Photos Courtesy of Maya Lal
She was 2 years old when she began to paint. Her first project was to draw raindrops in her preschool class. Without question, she made her piece as colorful as possible, disregarding the fact that raindrops aren’t multi-colored. Her teacher quickly took notice, and three years later she started taking art classes, feeling right at home.
The young girl, Maya Lal, is now a 20-year-old sophomore and art major at Pepperdine. Originally from Singapore, Lal moved west to pursue art in sunny Southern California.
“I’ve dabbled in pretty much everything, though I enjoy fine art the most,” she said. “It started when I was young and has been something that has stayed with me, by choice, my whole life.”
Lal said that her art is a reflection of her environment.
“I get most of my inspiration from people around me,” she said. “The people that surround me, and how hard they work, and how passionate they are affects me for sure, because when they are challenging themselves, I feel motivated to challenge myself more.”
A challenge is something Lal never shies away from when it comes to her art.
“My best work is what challenges me most,” she said. “Art that’s difficult to understand usually evokes more of a reaction. If something is easy, everyone’s going to be like “whatever,” and move on, but when my art challenges me, it usually challenges the person who sees it too.”
One challenge she’s faced at Pepperdine is the introduction to religious art. Lal said that she does not come from a religious background and credits the university for expanding her knowledge of different genres of art.
“I used to look at religious art and not know what was happening,” she said, “but because I go to a school where you learn about religion and take humanities courses, I’m now able to apply some aspects of religious art into my own pieces. I’ve found a new respect for it.”
Religion isn’t the only thing Lal credits Pepperdine for teaching her. She said her classes, classmates and environment are her “biggest inspirations.”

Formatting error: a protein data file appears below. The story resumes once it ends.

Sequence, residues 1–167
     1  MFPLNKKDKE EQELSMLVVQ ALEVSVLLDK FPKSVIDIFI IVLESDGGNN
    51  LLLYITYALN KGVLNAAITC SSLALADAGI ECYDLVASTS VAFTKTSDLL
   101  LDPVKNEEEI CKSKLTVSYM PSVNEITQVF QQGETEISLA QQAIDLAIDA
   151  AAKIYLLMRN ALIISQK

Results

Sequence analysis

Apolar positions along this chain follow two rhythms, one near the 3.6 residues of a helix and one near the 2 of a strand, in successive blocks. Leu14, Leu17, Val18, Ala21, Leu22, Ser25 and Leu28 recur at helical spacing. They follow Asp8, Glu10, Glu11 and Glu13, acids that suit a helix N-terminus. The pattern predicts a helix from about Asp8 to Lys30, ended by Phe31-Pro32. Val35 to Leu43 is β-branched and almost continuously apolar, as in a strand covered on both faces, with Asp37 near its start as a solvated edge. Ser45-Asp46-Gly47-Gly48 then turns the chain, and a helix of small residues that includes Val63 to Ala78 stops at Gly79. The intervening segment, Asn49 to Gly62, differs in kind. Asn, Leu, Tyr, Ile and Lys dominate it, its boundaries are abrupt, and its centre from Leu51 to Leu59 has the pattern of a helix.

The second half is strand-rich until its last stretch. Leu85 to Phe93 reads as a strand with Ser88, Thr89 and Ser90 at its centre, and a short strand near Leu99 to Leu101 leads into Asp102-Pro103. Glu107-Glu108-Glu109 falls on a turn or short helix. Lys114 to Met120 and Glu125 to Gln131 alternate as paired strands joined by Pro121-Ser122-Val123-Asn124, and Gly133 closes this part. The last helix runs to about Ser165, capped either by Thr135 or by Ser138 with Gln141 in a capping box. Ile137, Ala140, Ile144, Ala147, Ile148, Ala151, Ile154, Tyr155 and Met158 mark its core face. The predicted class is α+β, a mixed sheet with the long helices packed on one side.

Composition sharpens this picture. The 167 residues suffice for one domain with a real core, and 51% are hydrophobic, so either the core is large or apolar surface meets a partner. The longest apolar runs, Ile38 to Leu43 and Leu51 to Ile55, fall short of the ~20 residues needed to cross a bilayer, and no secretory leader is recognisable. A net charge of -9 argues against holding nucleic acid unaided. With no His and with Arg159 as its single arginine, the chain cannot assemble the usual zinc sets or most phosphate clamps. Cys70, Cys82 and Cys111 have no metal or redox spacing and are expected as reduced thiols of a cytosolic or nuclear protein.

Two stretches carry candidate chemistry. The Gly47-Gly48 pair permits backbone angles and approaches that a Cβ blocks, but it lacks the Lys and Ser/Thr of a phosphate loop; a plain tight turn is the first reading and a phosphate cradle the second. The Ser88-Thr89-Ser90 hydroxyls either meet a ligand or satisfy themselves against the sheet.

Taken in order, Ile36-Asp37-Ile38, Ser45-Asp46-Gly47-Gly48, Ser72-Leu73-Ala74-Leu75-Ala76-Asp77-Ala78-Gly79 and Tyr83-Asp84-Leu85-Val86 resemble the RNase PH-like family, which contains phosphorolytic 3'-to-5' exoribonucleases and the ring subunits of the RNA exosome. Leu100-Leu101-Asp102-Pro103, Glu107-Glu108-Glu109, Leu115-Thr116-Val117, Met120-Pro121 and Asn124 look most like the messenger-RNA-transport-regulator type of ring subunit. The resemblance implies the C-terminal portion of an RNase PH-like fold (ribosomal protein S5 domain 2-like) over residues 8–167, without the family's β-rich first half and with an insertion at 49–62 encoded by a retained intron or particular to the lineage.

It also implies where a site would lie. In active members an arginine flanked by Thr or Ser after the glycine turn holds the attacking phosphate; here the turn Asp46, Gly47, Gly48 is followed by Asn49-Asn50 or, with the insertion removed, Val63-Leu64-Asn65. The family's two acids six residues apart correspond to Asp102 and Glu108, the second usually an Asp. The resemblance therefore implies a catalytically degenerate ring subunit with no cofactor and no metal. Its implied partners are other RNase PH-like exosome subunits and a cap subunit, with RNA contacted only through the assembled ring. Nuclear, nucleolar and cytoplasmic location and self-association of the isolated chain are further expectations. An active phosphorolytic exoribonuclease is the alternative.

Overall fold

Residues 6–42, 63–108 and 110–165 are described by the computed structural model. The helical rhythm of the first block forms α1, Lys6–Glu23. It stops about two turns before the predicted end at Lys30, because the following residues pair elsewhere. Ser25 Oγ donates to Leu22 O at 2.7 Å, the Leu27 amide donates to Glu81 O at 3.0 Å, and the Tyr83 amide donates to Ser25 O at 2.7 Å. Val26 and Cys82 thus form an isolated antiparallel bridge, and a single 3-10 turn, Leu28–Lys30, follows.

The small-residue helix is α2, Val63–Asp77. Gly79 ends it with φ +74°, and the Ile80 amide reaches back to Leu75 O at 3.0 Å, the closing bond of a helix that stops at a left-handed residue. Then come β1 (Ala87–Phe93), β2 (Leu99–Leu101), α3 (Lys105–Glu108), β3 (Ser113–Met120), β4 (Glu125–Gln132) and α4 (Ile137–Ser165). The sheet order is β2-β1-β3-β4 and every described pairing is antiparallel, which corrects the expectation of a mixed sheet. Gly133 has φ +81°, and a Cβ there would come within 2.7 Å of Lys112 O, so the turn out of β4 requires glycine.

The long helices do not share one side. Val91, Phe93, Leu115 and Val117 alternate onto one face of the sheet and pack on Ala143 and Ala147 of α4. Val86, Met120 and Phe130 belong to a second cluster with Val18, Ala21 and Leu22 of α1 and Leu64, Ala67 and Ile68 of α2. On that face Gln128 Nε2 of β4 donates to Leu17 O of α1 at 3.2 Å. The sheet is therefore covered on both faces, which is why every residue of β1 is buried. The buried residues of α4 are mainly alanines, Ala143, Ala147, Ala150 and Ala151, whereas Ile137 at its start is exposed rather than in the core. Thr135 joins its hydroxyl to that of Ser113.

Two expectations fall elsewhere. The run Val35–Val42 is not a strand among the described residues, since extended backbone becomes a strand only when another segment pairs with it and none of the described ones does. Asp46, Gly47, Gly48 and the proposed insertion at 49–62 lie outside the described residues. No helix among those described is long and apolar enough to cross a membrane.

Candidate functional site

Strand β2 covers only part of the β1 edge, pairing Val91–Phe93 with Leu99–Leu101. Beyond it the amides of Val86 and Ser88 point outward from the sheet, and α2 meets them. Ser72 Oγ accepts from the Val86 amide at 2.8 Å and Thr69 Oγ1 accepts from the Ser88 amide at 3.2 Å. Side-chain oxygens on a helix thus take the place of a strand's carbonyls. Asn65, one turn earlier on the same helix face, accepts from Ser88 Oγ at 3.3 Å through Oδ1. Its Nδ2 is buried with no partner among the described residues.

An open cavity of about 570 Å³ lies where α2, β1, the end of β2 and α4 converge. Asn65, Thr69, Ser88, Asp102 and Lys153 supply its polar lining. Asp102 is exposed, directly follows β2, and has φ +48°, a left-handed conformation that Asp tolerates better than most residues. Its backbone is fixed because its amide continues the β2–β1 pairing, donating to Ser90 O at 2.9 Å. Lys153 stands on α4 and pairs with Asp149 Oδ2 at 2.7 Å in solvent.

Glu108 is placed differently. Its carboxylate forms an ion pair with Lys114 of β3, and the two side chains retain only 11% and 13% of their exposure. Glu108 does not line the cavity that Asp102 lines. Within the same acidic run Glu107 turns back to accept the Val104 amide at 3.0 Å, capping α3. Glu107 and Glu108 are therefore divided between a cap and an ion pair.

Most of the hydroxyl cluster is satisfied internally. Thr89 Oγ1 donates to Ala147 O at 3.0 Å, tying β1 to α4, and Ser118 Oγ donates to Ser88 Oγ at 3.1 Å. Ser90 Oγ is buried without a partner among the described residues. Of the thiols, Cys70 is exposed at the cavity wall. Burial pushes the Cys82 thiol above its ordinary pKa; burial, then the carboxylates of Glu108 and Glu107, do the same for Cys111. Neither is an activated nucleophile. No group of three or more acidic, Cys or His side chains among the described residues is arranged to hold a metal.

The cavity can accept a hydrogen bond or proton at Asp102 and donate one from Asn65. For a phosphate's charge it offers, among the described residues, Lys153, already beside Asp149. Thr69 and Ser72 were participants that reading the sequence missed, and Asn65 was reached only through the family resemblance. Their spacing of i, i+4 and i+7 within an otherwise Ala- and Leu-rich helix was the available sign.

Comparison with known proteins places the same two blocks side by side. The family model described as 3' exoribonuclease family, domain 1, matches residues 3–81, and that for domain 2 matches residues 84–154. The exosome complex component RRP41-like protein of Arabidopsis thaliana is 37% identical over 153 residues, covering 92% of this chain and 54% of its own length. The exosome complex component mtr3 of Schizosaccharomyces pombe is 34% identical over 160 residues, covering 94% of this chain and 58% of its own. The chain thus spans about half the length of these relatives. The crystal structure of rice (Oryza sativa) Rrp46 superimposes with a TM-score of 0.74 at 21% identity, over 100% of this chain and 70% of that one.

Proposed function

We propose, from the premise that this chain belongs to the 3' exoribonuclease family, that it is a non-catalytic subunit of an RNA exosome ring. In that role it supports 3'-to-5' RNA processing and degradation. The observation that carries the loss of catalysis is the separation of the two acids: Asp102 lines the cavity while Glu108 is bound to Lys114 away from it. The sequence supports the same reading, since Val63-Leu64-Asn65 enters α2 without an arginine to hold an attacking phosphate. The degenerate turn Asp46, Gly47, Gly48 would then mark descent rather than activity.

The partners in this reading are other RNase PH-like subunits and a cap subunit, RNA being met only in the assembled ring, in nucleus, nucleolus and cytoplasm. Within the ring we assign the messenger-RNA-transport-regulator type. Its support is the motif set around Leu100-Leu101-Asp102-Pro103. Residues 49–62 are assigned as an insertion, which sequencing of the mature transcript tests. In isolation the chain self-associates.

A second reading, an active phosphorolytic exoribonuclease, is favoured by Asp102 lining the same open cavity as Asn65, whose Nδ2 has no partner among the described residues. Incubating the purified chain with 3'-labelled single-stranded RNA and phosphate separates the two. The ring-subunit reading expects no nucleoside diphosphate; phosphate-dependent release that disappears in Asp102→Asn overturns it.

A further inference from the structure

“I like to see what they are doing well and incorporate it into my own work,” she said. “I also really appreciate when people call out my weaknesses — at least, in art— because it challenges me to grow as an artist.”
As for real-world inspiration, Lal said that Brad Kunkle, a New York based painter is her favorite artist.
“He uses gold leaf on top of painted, high contrast leaves to make them look like they are jumping out at you,” she said. “His work has an element of fantasy to it, as all the backgrounds are surreal.”
Gold leaf is gold metal that has been hammered down to create thin sheets used for decorative purposes.
Lal said she aims to create engaging visuals, similar to Kunkle’s work, in her own art. When assigned a project to paint an egg, she did not skip the opportunity to test her abilities as an artist.
“Instead of just painting a cracked egg or something like that, I painted the egg so that it was being dropped into water, so that not only would the egg be in the middle, but there would be water splashing everywhere,” she said. “I chose to paint the egg that way because in real life, that moment only lasts for a second. But when I painted it, you’d be able to look at it in mid-air for a long as you’d like.”
When asked how she would describe herself as an artist, Lal said it is too soon to know, as she is still evolving as a person.
“To describe myself as an artist would be hard because I’m constantly changing at this age and I feel like until I find out exactly what I want and who I am, which I don’t think I’m there yet, I won’t have a solid word to describe it,” she said.
While she is still growing, Lal is sure that her future will always involve art.
“I definitely want to get into the creative field,” she said. “Even though I don’t know exactly what I want to do, I know that I’ll always seek out art in order to challenge and be challenged.”
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